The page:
Traveling across the US, any photographer will be amazed by the abundance of awesome places that are just waiting to be photographed. I'm not just talking about the most popular tourist destinations like Yosemite, The Grand Canyon or Hawaii, although these places are always going to be gold for amateur and professional photographers.
I'm interested in less than typical places to photograph. I've put together a short list of three that I recommend to anyone looking for something different, with a lot of potential.
1. Silo City
I'm a big fan of industrial sites. There's so much you can do in a place that's full of history and unique urban decay. Located in Buffalo, NY, the Silo City abandoned grain elevators are exactly the kind of place I'm looking for. It's usually hard to get to a place like this without being in legal trouble. I came across the Silo City Photography Workshop page and it looks like the perfect way to visit this unique place. The workshop also includes a half day of photographic access to the Francis G. Ward Pumping Station, just to make everything more interesting.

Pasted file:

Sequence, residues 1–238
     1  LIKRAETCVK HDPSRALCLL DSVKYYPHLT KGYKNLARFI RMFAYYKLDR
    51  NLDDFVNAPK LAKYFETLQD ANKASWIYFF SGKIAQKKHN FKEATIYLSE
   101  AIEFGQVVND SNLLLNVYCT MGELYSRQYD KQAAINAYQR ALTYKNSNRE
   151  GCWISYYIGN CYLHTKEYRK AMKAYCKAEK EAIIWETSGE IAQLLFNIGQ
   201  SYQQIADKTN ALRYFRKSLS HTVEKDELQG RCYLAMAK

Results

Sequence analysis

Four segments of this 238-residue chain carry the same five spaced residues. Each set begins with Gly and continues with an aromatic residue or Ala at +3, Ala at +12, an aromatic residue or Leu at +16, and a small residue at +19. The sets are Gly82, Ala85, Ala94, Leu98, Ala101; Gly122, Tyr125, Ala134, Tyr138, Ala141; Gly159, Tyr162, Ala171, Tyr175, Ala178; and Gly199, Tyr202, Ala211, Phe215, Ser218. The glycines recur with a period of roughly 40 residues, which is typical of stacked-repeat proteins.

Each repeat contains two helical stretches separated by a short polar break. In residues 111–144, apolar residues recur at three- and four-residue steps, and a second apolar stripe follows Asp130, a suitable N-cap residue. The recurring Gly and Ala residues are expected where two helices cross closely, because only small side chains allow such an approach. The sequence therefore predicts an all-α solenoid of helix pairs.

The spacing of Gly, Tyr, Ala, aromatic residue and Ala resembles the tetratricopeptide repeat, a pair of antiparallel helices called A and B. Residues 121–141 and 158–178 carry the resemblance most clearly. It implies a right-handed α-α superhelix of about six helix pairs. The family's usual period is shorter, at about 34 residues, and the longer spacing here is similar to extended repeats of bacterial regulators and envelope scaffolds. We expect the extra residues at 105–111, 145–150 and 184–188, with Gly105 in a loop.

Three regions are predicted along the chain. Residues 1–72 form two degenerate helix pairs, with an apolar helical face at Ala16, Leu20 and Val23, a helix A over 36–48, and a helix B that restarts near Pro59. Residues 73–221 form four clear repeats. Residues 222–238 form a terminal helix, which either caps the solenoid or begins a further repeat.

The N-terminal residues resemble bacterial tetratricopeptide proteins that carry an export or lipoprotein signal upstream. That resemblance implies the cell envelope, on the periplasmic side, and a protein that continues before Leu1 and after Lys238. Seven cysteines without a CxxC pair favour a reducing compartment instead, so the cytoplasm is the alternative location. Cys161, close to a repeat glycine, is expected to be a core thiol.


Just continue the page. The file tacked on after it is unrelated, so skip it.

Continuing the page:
Check out the full details of the workshop here .
2. Red Woods, CA
There are four parks here that protect 45% of the remaining coast redwood. It's an incredible place to see with some of the tallest and massive trees on Earth. There are also a few threatened species like the tidewater goby, the Chinook salmon and the northern spotted owl.
It's the kind of place you'll be glad to visit if you're a nature and wildlife photographer, but also if you're into more conceptual, fine art genres.
Image credits: Michael Scweppe on Flickr.
3. Salvation Mountain, CA
You don't even have to be religious to appreciate Salvation Mountain. If you want to put a tag on it, it's an art installation. In reality, it's so much more. It's a place visited by artists and free spirits from all over the world. It's an amazing place to visit and photograph, especially during summer nights. Salvation Mountain was also used as one of the locations in the movie Into the Wild.
Image credits: Brian on Flickr.